There’s a reason you wanted to hang a Ferrari poster on your wall as a kid. The magnificent steeds hailing from Maranello are as achingly beautiful as they are potent. While scores of models have rolled off the production line after Enzo Ferrari started it up in the 1940s, a handful of Prancing Horses have emerged as the crème de la crème. Here are seven of our favorite Ferraris, all made before 1990.
365 GTB/4 Daytona
After Ferruccio Lamborghini unveiled the Miura to a stunned world, Ferrari quickly went into overdrive to create an adequate response to the world’s first supercar. But Maranello wasn’t content to create a copycat of the mid-engined Miura. A glance at that elongated GT’s bonnet shows you that Ferrari wasn’t about to budge from its front-engined, rear-drive layout. A whopper of a V-12 helped the 365 dominate in the 1967 24 Hours of Daytona, finishing 1-2-3 and bestowing it with its informal moniker that’s held to this day. While 1,200 examples were made, that high volume (by Ferrari’s standards) hasn’t lessened the Daytona coupe’s value. Be prepared to pony up at least $700,000 to acquire one.
250 Testa Rossa
Testa Rossa is Italian for “red head,” which is the nickname the 250 TR goes by in collectors circles. It was so named due to the red hue of the valve covers on the 3.0-liter V-12 under that swooping hood. Only 34 examples of the 250 TRs were ever produced (from 1957 to 1961), and most have solid racing pedigrees. The 250 graced the top of the podium at multiple 24 Hours of Le Mans races, including 1958, 1960, and 1961. One 250 TR that was campaigned in the 1957 French endurance race failed to finish, though it later won a race in Buenos Aires and Sebring, piloted by Phil Hill and Peter Collins. That exact model went for $12.2 million at auction back in 2009. In 2011, an unrestored 1957 250 TR reportedly fetched $39 million at an auction in the UK.
GTO stands for Gran Turismo Omologato, with that last word translating to “homologation.” This road car with racetrack roots emerged as a shot across the bow of Jaguar after its comely E-type was unveiled at the 1961 Geneva Motor show. It was evolved from the 250 SWB by engineer Giotto Bizzarrini who strengthened the chassis and tweaked the 3.0-liter 12-cylinder to crest 300 hp. It was also imbued with a 170 mph top speed. Only 39 examples of the 250 GTO were produced (between 1962 and 1964), and each sale had to be personally vetted by Enzo Ferrari. It’s now considered to be the most valuable car of all time after a 1963 GTO sold for $70 million last summer.
Behold the last Ferrari with which Enzo Ferrari was personally involved. The road-legal race car had 470 horses and a turbocharged V-8 that made it the first Ferrari to exceed 200 mph back when it debuted in 1987. The bodywork came from coachbuilders Pininfarina, and in an effort to save as much weight as possible, so little paint was used that you can see the carbon/Kevlar weave. The impetus of the car was Enzo requesting that his team make the “best car on the face of the earth,” one that’s not built for comfort but for sheer speed and performance. The unflinching F40 accomplished all of Enzo’s objectives.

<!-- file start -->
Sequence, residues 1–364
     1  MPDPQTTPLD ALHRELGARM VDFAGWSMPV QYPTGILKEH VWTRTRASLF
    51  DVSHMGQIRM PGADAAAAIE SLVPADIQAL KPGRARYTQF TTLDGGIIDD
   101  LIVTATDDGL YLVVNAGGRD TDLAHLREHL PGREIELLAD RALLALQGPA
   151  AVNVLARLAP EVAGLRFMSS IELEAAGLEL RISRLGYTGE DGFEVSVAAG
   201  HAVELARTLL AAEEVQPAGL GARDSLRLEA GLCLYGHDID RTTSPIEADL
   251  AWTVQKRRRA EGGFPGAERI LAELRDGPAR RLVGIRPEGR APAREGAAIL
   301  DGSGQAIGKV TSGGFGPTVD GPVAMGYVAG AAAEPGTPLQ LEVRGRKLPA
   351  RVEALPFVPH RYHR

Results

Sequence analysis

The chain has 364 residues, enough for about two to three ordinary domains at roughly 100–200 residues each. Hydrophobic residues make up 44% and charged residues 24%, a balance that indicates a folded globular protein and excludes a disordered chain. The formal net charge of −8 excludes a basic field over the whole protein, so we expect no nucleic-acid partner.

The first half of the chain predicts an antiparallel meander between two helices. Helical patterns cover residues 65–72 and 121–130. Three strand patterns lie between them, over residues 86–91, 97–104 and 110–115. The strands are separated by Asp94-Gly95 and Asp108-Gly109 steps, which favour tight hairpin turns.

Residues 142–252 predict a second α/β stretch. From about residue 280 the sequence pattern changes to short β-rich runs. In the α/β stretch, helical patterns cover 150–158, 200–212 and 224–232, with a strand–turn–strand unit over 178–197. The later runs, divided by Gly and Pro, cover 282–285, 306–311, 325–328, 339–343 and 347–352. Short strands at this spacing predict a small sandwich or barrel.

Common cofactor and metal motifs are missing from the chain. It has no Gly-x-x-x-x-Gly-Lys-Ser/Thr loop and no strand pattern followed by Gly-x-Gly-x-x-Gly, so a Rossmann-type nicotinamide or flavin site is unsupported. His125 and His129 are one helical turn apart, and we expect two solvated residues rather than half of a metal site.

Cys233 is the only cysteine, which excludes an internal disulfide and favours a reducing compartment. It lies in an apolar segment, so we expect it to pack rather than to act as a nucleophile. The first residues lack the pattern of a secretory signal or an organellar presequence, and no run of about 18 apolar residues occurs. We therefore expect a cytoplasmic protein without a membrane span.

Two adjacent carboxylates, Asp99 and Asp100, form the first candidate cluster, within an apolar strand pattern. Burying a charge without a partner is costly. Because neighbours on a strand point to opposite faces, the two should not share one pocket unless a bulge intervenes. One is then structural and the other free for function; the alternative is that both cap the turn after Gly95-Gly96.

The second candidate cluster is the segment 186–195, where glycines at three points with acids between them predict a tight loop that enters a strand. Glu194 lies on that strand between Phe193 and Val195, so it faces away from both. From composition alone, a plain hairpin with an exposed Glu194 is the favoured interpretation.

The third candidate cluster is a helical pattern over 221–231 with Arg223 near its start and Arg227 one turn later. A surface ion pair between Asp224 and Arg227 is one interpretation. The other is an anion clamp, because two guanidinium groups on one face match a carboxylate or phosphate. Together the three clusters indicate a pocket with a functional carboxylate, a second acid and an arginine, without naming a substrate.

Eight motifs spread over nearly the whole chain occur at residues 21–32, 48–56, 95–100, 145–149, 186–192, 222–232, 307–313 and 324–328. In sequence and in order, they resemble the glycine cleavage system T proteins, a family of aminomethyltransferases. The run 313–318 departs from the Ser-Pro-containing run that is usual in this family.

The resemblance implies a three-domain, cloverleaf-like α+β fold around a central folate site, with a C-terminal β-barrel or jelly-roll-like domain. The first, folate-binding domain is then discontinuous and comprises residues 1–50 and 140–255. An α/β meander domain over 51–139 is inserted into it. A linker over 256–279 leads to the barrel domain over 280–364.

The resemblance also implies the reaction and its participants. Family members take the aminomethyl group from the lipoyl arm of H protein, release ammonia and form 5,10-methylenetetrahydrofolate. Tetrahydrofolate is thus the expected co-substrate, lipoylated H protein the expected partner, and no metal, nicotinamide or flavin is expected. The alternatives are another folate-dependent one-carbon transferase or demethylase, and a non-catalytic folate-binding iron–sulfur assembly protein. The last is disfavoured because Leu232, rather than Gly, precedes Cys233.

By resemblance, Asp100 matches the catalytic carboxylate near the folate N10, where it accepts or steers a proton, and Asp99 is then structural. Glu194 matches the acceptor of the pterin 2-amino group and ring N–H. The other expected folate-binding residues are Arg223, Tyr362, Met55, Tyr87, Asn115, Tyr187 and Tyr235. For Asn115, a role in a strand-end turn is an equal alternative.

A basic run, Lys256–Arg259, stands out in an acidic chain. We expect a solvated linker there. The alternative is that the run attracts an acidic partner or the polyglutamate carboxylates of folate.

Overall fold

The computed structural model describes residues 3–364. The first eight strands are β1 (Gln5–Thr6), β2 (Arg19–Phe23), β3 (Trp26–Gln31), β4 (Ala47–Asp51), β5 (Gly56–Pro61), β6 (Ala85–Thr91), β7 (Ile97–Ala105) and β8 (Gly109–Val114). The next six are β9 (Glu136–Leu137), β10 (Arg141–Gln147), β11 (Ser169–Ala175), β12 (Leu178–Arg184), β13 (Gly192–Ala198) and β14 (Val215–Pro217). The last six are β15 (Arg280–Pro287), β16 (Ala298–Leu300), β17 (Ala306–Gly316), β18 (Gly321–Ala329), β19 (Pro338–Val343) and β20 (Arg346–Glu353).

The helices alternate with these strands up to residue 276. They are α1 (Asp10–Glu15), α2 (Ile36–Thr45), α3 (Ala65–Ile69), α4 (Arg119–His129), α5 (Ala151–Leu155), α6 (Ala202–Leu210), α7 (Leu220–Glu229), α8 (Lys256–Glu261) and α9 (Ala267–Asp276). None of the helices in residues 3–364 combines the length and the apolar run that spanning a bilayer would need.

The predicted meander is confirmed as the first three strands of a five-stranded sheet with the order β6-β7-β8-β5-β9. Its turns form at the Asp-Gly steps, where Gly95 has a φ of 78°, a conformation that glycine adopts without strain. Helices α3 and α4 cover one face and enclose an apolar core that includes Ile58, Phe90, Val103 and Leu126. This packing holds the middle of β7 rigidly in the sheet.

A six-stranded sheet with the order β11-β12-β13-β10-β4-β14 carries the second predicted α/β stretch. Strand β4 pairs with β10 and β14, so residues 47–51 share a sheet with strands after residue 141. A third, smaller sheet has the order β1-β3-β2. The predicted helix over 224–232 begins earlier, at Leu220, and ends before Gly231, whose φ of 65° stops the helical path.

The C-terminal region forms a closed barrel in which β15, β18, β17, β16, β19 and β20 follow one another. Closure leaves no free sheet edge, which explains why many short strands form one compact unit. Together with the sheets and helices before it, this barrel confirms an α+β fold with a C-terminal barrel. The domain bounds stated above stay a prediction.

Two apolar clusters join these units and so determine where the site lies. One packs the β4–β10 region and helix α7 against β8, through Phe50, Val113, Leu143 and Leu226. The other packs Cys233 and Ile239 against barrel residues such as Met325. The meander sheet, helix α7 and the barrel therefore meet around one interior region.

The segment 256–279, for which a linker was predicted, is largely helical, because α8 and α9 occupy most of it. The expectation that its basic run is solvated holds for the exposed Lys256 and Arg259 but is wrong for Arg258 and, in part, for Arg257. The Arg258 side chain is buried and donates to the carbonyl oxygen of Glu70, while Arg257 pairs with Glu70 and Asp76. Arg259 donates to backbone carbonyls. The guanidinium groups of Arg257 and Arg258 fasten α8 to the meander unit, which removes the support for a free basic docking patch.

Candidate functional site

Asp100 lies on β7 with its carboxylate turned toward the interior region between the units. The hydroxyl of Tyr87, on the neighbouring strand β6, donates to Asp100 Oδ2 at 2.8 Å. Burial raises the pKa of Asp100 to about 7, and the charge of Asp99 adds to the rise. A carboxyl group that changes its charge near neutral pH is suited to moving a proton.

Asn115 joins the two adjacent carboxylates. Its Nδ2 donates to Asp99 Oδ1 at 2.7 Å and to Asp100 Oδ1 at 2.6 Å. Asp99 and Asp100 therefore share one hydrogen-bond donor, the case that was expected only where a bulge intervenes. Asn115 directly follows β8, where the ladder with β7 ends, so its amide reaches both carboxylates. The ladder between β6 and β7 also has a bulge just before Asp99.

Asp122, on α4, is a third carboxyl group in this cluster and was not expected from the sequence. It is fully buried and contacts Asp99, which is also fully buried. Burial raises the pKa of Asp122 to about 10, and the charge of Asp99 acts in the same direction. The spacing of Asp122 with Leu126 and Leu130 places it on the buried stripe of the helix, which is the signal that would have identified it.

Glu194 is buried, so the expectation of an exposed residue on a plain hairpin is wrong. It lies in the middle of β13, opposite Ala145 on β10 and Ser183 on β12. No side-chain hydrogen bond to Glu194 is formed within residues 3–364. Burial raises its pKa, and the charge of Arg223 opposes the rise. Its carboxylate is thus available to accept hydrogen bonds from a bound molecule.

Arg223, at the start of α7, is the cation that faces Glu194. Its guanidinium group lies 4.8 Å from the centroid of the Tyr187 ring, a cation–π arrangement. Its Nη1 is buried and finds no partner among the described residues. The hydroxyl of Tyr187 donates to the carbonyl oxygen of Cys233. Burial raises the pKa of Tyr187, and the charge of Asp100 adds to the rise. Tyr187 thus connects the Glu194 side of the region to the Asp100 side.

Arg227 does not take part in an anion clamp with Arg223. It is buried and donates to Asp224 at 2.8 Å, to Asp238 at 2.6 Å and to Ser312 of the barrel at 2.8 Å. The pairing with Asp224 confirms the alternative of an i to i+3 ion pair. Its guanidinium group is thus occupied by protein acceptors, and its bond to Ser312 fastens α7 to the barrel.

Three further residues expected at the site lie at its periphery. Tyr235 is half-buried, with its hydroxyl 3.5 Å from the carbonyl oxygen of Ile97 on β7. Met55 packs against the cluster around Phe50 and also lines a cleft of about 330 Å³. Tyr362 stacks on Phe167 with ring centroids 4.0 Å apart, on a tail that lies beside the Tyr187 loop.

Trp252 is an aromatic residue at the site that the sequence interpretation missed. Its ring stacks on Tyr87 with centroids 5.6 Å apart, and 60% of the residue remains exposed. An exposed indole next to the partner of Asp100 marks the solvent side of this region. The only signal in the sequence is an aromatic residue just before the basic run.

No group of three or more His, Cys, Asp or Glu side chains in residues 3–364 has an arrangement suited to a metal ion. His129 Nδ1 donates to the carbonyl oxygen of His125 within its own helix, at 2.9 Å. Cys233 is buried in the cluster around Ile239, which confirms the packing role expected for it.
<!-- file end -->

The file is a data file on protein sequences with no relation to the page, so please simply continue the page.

Ferrari built 272 examples of the 288 GTO (between 1984 and 1987) when the marque wanted to enter a new category of racing, the Group B Circuit Race series. The basis for the 288 was the 308 GTB (Magnum P.I.’s wheels, for the uninitiated) and the 288 received a 400 hp, turbocharged V-8 that was a pure monster. The race series never materialized, so all 272 units only saw road use. All but one left Maranello clad in Ferrari red paint, while the outlier was painted black. Since it sat atop the Ferrari range, it’s a proper Ferrari supercar. And a rare one. For collectors looking to complete the Ferrari supercar set—288 GTO, F40, F50, Enzo and LaFerrari—this model’s limited production run means it’ll be the most challenging to acquire.
Does the Dino 246 bear the word “Ferrari” anywhere on it? No. Does that mean it’s not a Ferrari? No. Enzo’s late son, Alfredo “Dino” Ferrari, was tapped to create a lower-priced, more attainable sports car, with a 2.0-liter V-6, but didn’t want to tarnish or diminish the Ferrari brand name. A Pininfarina design was built by Scaglietti and this bears the honor of being the first mid-engined Ferrari. Its power-train layout would go on to become the norm for Maranello. Still, Enzo didn’t like that it only boasted six-cylinders, so he withheld his name from the machine. Regardless, it’s one of the most beautiful Ferraris.
Is this the most beautiful Ferrari? Only four examples of the 330 P4 were produced, in rebuttal to Ford’s GT40 showing up on the endurance circuit and trouncing Ferrari. After a full podium sweep by the Blue Oval at the 24 Hours of Le Mans in 1966, Enzo’s directive to chief engineer Mauro Forghiere was blunt: “Win.” Built in 1967, the 330 P4 featured a 450 hp V-12. Three cars were fabricated from scratch while the fourth was made from an ex P3 chassis. The efforts were successful and the 330 P4 snagged a 1-2 finish at Monza in 1967, followed by a second and third place finish at Le Mans (Ford squeaked out a victory in a GT40), and then took 1-2-3 in the 24 Hours of Daytona in 1967. One of the P4s was scrapped by the factory due to an accident at Le Mans, while the other three live on in Germany, France and Canada.